This proposal would also, incidentally, help heal the cumbersome Peninsular/ Spanish American split.

What do you think?

Note that the best undergraduate FL curriculum I have seen was the one in French at Berkeley when I was a child. In it, you first (after the language courses) had a set of courses like the ones I propose, and then a set of other courses, some concentrated on particular centuries, and others on different literary, linguistic, and cultural topics. No cumbersome surveys. It was a lot more seamless and a lot less disjointed than the introduction-plus-survey model other languages employed, and it developed the students better.




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I feel different now, as though a missing tile had been installed in my spinal column, something along those lines. I am getting to be almost as lucid as before Reeducation. It is this solid feeling, and I see I can feel even more solid. I remember being this way.

Still, I dreamed I had driven into a ditch and could not find a way out of the car. I woke up angry at the professors who cowed me into staying in field despite the fact that it had been ruined for me long since, and despite my own sense that lengthening my sentence in it would do few people any good beyond those who would feel calmed to know I was still a professor (or, more darkly, those who believed being a professor was not a real job and that since I would never be qualified for any real jobs I had to be a professor). I suppose, however, that they meant well, and in a certain way they could have been right with their “but you have so much to contribute.”

Yet the realities they live in, I discern, resemble the conference I attended last weekend, where it was so easy and unproblematic to be oneself. Papers were very interesting. People had no difficulty understanding me, nor I them, and nobody seemed to think I was too intellectually oriented. I have now written in my journal:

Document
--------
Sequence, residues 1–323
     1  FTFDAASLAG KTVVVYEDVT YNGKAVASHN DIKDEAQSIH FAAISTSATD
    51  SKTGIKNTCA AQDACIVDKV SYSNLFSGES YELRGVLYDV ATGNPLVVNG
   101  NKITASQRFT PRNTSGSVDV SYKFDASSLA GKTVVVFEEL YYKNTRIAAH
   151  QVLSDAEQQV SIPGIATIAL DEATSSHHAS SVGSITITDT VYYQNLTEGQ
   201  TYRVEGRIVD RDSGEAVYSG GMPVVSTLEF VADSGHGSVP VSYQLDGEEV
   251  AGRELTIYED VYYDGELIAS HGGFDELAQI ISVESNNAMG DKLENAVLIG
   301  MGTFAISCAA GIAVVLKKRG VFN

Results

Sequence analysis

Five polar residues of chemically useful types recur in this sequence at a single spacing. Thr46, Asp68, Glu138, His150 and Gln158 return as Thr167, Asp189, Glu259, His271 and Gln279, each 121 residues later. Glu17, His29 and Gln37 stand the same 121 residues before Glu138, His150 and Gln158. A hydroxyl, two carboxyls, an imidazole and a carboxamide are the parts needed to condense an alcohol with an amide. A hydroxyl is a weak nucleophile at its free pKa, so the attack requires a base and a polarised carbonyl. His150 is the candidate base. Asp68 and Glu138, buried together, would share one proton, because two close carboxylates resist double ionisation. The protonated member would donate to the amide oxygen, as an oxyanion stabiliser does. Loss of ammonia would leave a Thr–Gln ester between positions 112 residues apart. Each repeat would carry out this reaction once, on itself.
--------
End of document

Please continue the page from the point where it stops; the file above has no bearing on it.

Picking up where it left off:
I see why my judgement feels impaired. My department chair is against literature and/but wants it taught in very traditional ways; appears to imagine that anything else is deconstruction which is what drove him from literary studies so wants us to be back to new criticism, stylistics, conservative forms of philology. Then my one colleague in literature is one of those who wants students to memorize his interpretations and repeat them back to him. Then everyone else is either in linguistics because they hate literature, or does not have the Ph.D. and resents not being allowed to teach upper division literature courses for that reason, so wants to prove that what I am doing is “crazy.” This means that EVERYONE is telling the students that what I am doing is crazy. Yet only students who have had me, survive graduate school. And also, what I am doing is not different from what people do on this site and at other universities, although I do do the easier versions of what is done elsewhere. Yet I constantly have this sense of unreality, of poor judgement, and so on, because what I am told is reasonable locally is so different from what is said nationally. I was about to decide the local authorities are right and I am insane, but then a few people from elsewhere suggested I might actually be on a right track.